the real marriage debate

The ladyfriend thinks it's funny lately, in social situations, to mention how I'm opposed to gay marriage. This usually gets at least one lesbian's face to crumble, often because they can only imagine that it is some form of self hatred or internalized shame. Like I'm going to say "Yes, I think we are deviants and should be kept in legal limbo for punishment." It is funny, but also awkward, to explain why I'm opposed. What's worse is that when I advocate for the abolition of all marriage, they say "Oh, well then. . ." First, as if it isn't a challenge to all marriage (gay or not) and second, as if it is a ridiculous notion that doesn't need to be engaged.This interview is from Bitch magazine's summer issue. I excerpted the relevant parts, the sections that had me panting and saying "yes, yes,yes." It articulates many things I often struggle to say an intelligently. It's an interview with queer activist Matilda (aka Matt Bernstein) by Debbie Rasmussen...
Some of the essays in That's Revolting seem to suggest that the anti-assimilation movement is new -- hasn't it always been there, but now it's playing out differently?

Definitely. There's always been a tension between the assimilationist and liberationist models of queer struggle. In the '70s, for instance, there were radical queer activists and there were rich gay lobbyists. But there was a sense of balance, because even the rich gay people were stigmatized. What's happened in the last 10 to 15 years is that people with some kind of privilege are now able to be out
and also keep their privilege. So Rosie O'Donnell, after years of calling activists Nazis for outing her, can come out and be a spokesperson for "gay and lesbian issues." And those kinds of people -- gay people with the most privilege -- have repositioned their desires as everyone else's needs.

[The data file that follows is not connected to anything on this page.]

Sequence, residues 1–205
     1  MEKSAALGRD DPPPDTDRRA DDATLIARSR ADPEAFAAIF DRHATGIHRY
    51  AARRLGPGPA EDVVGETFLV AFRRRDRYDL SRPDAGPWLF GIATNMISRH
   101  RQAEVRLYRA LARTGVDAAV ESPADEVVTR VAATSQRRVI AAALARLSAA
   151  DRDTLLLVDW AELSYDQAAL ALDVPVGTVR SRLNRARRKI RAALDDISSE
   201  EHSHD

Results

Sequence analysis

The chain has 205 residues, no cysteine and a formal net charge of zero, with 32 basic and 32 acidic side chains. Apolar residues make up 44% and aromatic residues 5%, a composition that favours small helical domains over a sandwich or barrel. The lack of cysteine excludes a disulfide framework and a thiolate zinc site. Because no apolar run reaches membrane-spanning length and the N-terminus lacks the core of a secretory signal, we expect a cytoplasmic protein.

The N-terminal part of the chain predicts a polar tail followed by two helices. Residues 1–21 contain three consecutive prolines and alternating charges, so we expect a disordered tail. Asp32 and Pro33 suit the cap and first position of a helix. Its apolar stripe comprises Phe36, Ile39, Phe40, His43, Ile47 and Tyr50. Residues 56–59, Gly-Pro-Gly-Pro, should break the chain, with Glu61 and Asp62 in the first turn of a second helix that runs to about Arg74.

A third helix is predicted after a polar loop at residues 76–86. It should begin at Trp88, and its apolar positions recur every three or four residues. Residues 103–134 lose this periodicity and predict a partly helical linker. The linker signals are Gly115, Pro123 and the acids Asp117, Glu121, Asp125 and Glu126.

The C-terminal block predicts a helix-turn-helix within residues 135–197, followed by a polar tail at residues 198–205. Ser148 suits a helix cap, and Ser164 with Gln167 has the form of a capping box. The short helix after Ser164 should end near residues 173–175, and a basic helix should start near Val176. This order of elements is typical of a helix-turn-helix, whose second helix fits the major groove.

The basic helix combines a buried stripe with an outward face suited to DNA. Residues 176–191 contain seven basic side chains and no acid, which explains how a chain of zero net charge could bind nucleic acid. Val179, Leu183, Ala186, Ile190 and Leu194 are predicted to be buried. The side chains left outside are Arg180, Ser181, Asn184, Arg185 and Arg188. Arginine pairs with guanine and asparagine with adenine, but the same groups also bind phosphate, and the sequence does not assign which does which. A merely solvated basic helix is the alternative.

Take universal healthcare. In the early '90s, this was almost a mainstream queer issue. So many people had died of AIDS, and there was recognition that if people had access to healthcare, a lot more people would still be alive. But then the priority shifted from universal health-care to gays in the military -- the ultimate irony. That was a big turning point. Now the assimilationist model is so dominant that more radical and liberationist politics and identities are being erased. That's what assimilation means -- cultural erasure. All the resistance or threat within a queer identity is erased. The assimilationist agenda fights for an end to discrimination in housing and employment, but not for the provision of housing or jobs; domestic-partner health coverage, but not universal health coverage. Even with anti-queer violence, the terms of the debate are about tougher hate-crime laws, instead of fighting the underlying systems of racism, classism, homophobia, transphobia.